Review for Mobile Suit Gundam - Part 1 of 2
I have never seen any Gundam before in my life! I know, I ought to relinquish my anime fan membership card for that travesty. Gundam is the biggest anime franchise in Japan, an ongoing story world, indeed worlds that many equate to Star Trek’s popularity in the West. Just like Star Trek, it started off with a series that was prematurely cancelled back in 1979, but it gained popularity through syndication, and so the sequels, prequels, movies, spin-offs and reboots ensued. Type Mobile Suit Gundam into the Anime News Network search, click on the Encyclopaedia link, and you’ll be presented with a list of related anime that stretch down, and down, and down, some of which we have seen in the West, many of which we haven’t. Even now, we’re getting new Gundam shows proliferating in Japan, Gundam Build Fighters, Gundam the Origin, Iron Blooded Orphans, Gundam Unicorn, Reconquista in G. It’s been 36 years and there’s no sign of the Gundam juggernaut stopping any time soon. Hmm, Gundam Juggernaut... I have an idea...
When I first started watching anime, I hated giant robot shows with a passion, stemming from a couple of dubious experiences with Saturday morning Power Rangers shows. The concept felt stupid to me. It took a while before I warmed to the genre, but the first time I heard of Gundam, I was actually reviewing Robotech for the site, a show which at the time merely reinforced my disdain. By the time I’d seen a few better shows, I started looking into the Gundam franchise only to be presented with that epic list, about ten years of Gundam shorter, but I was still just daunted by the whole prospect. Too, Beez in the UK had released some Gundam, but not all that parent company Bandai had released in the US, and I was concerned that I’d be stepping into the middle of an ongoing story, instead of the start. And quite frankly, I couldn’t tell my Gundam SEED from my Gundam Wing from my Gundam 00 to save my life. And then Beez went out of business, Bandai US followed suit, and Gundam slowly vanished from shop shelves, faded from memory.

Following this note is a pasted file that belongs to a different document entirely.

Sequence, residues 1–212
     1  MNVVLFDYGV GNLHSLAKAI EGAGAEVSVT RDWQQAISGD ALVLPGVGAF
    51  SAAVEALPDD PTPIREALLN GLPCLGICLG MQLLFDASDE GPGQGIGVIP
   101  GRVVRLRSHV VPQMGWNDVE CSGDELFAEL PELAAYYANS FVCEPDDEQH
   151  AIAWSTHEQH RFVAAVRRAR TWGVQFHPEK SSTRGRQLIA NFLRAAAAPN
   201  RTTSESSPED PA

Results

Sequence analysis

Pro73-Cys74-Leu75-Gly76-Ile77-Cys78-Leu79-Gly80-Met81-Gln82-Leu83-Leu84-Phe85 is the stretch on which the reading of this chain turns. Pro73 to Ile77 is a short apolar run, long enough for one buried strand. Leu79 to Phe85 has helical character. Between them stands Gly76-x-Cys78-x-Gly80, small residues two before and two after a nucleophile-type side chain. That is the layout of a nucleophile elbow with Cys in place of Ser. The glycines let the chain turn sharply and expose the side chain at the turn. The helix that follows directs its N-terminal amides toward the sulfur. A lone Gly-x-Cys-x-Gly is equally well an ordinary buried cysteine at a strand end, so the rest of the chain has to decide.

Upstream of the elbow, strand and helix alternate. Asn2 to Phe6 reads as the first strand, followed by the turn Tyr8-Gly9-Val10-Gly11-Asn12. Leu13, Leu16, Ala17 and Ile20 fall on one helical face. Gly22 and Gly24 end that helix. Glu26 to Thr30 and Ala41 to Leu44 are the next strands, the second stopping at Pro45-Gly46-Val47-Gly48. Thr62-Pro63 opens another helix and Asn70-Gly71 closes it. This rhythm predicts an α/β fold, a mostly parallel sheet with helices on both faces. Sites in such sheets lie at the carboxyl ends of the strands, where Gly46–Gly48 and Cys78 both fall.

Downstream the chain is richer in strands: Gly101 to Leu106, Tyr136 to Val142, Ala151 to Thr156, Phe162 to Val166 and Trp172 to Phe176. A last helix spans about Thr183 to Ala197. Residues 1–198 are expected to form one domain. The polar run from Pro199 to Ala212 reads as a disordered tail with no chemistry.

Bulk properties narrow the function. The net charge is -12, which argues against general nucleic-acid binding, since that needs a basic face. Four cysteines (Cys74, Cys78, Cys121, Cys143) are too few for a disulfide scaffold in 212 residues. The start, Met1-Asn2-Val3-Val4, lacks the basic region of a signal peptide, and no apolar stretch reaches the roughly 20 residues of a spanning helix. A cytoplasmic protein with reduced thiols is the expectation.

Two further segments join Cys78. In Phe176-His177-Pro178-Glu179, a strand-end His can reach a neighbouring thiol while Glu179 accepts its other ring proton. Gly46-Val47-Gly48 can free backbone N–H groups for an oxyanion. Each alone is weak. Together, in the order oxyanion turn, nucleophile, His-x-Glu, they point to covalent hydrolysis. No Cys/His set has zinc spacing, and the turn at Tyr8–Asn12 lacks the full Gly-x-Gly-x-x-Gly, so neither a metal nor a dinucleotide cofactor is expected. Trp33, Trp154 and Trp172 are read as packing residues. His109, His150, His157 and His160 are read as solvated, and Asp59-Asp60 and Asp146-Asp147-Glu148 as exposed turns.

But you can’t keep a franchise like that down for long in the West, not while it’s still going strong in Japan, and not when the Blu-ray revolution means that you can now experience these shows in spectacular high definition where possible. Not too long ago, Right Stuf made a deal to distribute Gundam in the US, and Anime Limited have teamed up with Right Stuf to do so in the UK as well. Initially that meant that the import releases of Gundam Unicorn had an outlet, but it also means that they are going back to the earlier series and making sure they get local DVD and where possible, Blu-ray releases too. Anime Limited have already announced Reconquista in G, but for their first Gundam release on the All the Anime label, they’re going right back to the beginning with the first series, Mobile Suit Gundam from 1979. For me, what better place is there to begin with the Gundam universes than right at the beginning? Apparently, this is the first time that Mobile Suit Gundam has been released in the UK, which makes its Blu-ray only status a little odd, especially as Right Stuf are releasing it on both Blu-ray and DVD in the US, where Bandai did release it previously. Perhaps UK DVD releases will pop-up later on.